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Unformatted text preview: The First Amendment and Government Regulations Freedom of the Press-The First Amendment allegedly prohibits federal regulation of speech and press, yet the Communications Act of 1934 and Telecommunications Acts of 1996 have imposed federal regulations.-Publishers of newspapers own the press and paper. Broadcasters use the broadcasting spectrum which is owned by the public. (renting the right to read someone else’s property) Two Court Cases- Red Lion Decision (1969)- The Supreme Court ruled that the FCC’s rule that entitled persons attacked on a broadcast media to reply to their attackers was legal and just.- Tornillo Decision(1974)- The Supreme Court overthrew a Florida law which gave political candidates the right to reply to printed attacks. Regulated Fairness- The Fairness Doctrine- in effect until 1987. Upheld by Red Lion Decision. - Personal Attack Rule- stations have a duty to inform individuals or groups of personal attacks- Political Editorial Rule- A candidate must be given a chance to response when a licensee (station) endorses an opponent.-Both rules repealed in 2000. Exceptions to the Rules-FCC mandates access for ideas of public importance only!- Fairness dealt with the overall programming of the station, not just one issue.-*Equal Times Doesn’t Mean Equal Time* Public’s Right to Know vs. Personal Privacy- NY Times vs. Sullivan (1964)- political from south that said NY Times had libeled him, Times won because has to prove with “deliberate malice”. - Hustler Magazine vs. Falwell (1988)- Falwell, televangelist with followers, sued in Virginia---won first level. (fake advertisement). Hustler Magazine’s owner Flint won because: “Proof of emotional distress (even with) bad motive” can’t protect public figures from satirical assaults, no matter how ‘outrageous’”. Free Press vs. Fair Trial-What happens when two amendments clash? What takes precedent: the first amendment rights to a free press and free speech or the constitutional rights to a fair trial?-New York State vs. Steinberg (1988)- lawyer in NY, coke fiend and beaten family. Not convicted of murder, manslaughter: tainted jurors due to press coverage-State of California vs. OJ SImpson (1995)- trial on tv: you don’t know! Extremely important trial and basically turned into a soap opera: press coverage can affect ability to get fair trial Legislative Decisions- Radio Act of 1927-Federal Radio Commission (FRC)-Communications Act of 1934-Federal Communications Commission (FCC)-Telecommunications Act of 1996-”Scarcity Factor” deals with the fact that the amount of space and number of slots available is scares, over-the-air radio/tv, The FCC-Five (5) Members-Only (3) can be from the same party-”Serve the public interest, convenience and necessity” There is no definition of public interest*-Used for political purposes-FCC vs. Pacifica Foundation-George Carlins’ Seven Dirty Words-”Time of Day” *Supreme Court ruled for FCC not on content but on “time of day”...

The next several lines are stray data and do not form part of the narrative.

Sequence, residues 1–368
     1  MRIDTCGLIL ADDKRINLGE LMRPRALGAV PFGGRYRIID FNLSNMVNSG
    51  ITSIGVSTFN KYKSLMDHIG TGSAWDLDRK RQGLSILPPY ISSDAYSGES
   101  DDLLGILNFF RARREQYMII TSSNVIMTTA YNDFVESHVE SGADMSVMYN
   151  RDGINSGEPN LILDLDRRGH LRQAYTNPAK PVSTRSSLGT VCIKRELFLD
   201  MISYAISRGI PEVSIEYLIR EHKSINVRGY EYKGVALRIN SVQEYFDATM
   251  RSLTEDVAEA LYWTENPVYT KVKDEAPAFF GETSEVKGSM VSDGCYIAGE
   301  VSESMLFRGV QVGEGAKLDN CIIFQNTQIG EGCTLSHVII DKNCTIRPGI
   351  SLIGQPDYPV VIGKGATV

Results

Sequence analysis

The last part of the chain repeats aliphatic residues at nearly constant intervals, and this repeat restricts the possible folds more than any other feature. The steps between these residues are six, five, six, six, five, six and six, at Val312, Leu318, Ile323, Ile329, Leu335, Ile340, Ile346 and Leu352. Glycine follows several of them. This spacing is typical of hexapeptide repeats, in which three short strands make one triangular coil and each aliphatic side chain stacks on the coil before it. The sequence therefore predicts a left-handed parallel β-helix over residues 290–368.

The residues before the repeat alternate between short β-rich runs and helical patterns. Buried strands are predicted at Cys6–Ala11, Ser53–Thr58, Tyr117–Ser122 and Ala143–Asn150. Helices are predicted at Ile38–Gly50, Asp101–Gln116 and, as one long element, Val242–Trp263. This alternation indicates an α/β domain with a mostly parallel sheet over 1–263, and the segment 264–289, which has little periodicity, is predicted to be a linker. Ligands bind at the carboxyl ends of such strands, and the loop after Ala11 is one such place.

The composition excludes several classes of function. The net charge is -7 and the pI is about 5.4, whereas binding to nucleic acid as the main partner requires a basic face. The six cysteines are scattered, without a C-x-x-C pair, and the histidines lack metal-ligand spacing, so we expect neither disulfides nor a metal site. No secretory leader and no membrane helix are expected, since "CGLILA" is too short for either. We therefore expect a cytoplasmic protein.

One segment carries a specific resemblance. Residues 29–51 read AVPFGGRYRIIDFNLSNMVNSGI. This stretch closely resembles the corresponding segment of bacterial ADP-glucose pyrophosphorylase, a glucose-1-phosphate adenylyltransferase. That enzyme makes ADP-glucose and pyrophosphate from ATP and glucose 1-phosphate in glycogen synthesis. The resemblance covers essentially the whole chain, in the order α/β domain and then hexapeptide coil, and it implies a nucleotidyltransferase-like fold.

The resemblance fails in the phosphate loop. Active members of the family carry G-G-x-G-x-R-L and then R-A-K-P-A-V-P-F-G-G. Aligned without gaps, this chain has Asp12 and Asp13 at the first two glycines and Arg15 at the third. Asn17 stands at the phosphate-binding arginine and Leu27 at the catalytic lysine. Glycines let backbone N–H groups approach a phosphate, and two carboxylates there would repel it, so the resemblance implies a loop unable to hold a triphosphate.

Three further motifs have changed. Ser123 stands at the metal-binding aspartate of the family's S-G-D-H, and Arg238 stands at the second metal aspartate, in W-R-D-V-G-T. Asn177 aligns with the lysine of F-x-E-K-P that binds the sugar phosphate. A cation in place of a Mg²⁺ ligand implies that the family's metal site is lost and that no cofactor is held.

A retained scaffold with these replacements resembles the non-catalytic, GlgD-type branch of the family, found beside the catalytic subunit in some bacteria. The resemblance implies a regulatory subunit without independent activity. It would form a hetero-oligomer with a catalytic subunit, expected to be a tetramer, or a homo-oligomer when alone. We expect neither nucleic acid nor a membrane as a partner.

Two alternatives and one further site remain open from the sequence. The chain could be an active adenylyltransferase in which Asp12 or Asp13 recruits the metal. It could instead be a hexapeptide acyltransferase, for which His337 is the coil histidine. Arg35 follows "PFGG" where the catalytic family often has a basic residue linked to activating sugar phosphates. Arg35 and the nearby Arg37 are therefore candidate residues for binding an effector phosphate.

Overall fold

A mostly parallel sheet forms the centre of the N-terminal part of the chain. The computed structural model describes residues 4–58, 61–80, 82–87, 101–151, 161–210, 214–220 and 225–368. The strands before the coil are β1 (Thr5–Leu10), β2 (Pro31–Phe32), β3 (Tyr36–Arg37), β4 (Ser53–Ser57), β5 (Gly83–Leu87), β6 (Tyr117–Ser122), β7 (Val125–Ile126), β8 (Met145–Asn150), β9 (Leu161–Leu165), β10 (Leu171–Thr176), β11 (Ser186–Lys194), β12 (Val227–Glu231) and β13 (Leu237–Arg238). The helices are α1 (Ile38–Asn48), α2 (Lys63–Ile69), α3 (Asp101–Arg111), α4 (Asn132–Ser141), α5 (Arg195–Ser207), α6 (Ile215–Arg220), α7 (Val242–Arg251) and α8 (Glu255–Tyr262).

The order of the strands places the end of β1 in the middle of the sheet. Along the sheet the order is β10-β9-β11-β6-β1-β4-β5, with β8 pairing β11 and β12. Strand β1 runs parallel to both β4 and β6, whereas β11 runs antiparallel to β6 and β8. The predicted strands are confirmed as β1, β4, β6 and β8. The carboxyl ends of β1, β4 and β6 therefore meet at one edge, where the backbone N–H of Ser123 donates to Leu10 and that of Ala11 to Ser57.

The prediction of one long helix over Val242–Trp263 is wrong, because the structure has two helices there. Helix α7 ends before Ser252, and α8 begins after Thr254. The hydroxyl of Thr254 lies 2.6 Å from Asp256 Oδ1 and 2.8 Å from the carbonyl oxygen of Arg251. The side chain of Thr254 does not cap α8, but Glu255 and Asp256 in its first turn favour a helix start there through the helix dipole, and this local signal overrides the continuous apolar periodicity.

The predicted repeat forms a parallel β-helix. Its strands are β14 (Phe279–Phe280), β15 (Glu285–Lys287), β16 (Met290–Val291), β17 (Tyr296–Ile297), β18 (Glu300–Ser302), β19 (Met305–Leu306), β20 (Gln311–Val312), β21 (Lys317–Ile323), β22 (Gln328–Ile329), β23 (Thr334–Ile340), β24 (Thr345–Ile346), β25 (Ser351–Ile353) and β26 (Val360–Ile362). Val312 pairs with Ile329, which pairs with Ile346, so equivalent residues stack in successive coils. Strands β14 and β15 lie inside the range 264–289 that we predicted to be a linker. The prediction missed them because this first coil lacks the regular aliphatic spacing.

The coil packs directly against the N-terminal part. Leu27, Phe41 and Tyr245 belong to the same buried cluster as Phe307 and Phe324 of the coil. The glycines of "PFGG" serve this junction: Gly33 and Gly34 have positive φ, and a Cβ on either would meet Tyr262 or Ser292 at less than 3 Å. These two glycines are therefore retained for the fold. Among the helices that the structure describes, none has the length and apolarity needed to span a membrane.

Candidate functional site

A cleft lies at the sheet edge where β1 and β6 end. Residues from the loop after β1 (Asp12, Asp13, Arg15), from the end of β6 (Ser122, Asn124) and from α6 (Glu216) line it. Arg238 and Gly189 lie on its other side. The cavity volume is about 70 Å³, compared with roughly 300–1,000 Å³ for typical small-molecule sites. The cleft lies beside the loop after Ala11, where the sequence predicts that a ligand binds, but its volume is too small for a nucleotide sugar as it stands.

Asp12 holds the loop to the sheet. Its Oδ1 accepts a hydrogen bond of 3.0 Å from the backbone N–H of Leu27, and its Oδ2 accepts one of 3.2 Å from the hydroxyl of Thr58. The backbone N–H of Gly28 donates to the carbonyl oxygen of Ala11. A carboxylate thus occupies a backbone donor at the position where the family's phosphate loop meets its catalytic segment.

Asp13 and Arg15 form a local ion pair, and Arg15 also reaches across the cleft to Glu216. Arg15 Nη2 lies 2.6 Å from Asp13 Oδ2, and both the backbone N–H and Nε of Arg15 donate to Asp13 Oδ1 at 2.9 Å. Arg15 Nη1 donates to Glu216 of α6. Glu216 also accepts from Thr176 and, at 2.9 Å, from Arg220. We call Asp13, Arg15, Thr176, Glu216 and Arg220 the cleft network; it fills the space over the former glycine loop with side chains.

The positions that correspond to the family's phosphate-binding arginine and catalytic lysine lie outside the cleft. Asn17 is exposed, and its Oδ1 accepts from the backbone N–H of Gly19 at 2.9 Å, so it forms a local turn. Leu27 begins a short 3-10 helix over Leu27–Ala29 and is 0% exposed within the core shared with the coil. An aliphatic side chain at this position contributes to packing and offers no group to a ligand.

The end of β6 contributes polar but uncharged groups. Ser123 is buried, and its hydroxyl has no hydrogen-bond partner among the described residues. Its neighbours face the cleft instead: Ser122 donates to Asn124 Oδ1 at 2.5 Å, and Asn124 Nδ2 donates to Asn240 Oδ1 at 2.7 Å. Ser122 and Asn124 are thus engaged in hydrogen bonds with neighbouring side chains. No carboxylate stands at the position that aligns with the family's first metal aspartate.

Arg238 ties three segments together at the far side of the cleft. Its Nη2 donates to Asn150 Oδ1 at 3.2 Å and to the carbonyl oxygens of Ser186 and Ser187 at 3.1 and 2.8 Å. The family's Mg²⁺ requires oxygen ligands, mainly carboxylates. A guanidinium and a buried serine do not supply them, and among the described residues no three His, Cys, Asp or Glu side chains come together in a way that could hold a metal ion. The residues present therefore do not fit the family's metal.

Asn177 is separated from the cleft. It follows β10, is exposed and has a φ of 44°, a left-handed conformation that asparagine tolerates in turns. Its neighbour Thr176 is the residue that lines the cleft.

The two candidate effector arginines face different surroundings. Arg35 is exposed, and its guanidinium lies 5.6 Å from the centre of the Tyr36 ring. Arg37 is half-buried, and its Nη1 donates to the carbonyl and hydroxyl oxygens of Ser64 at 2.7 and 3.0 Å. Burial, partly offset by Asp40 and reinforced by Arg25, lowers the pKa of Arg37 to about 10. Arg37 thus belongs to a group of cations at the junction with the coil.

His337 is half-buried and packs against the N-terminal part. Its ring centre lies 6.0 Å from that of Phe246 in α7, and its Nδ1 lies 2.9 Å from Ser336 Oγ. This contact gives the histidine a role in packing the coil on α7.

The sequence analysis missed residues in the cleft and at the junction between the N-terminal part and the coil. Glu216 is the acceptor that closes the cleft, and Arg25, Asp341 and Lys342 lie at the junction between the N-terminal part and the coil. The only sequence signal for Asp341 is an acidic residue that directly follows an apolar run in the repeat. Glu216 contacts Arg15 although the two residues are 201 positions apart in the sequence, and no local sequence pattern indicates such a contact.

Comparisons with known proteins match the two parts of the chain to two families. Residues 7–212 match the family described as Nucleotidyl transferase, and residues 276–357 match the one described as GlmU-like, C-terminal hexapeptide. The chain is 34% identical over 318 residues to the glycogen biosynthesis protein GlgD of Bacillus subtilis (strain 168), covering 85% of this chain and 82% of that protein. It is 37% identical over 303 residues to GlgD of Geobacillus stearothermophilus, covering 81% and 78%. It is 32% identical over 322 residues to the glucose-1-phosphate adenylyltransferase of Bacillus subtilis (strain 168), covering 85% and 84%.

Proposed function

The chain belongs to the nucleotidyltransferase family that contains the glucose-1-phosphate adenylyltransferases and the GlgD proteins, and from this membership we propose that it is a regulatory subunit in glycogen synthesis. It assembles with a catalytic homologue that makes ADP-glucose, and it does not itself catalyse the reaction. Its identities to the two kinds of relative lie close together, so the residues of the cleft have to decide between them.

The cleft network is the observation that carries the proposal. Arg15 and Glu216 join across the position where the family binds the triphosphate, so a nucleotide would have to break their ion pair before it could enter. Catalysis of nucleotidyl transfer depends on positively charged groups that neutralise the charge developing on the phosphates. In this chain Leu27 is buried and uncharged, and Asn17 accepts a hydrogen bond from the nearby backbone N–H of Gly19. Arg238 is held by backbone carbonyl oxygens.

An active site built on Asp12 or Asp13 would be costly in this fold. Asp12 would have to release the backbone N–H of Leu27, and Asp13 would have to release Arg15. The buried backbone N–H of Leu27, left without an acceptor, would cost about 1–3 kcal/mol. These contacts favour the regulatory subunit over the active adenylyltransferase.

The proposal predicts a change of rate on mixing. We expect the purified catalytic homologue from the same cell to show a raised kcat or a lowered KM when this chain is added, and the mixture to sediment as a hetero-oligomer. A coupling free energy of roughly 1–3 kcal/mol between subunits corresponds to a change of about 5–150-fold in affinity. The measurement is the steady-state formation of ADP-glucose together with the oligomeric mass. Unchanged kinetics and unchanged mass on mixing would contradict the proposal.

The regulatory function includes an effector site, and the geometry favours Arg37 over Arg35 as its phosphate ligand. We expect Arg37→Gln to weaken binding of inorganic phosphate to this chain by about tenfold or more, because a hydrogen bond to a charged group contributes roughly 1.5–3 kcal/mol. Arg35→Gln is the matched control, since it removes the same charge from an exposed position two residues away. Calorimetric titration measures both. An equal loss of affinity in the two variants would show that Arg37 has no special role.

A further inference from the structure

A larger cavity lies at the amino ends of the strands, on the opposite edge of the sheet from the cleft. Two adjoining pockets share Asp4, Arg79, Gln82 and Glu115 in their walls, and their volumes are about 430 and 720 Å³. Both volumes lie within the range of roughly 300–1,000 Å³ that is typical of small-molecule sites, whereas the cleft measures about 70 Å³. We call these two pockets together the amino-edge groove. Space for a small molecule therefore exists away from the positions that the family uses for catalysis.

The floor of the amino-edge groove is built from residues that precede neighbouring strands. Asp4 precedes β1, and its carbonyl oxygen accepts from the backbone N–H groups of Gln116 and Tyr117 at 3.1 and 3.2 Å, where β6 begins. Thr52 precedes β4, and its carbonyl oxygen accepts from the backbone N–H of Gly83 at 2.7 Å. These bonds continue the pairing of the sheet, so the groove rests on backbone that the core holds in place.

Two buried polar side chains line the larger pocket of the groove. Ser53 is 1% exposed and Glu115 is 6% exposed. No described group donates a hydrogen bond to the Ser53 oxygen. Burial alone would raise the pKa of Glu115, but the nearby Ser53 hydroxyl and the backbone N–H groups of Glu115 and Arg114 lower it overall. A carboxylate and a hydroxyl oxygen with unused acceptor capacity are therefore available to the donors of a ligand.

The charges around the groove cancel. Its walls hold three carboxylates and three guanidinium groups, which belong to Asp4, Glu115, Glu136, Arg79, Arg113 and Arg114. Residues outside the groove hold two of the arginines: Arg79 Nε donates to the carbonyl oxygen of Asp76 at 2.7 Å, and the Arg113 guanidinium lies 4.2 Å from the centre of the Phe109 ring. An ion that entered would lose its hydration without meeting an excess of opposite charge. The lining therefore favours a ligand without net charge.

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This note was uploaded on 02/06/2012 for the course COMM 189 taught by Professor Miller during the Fall '08 term at Rutgers.
- Fall '08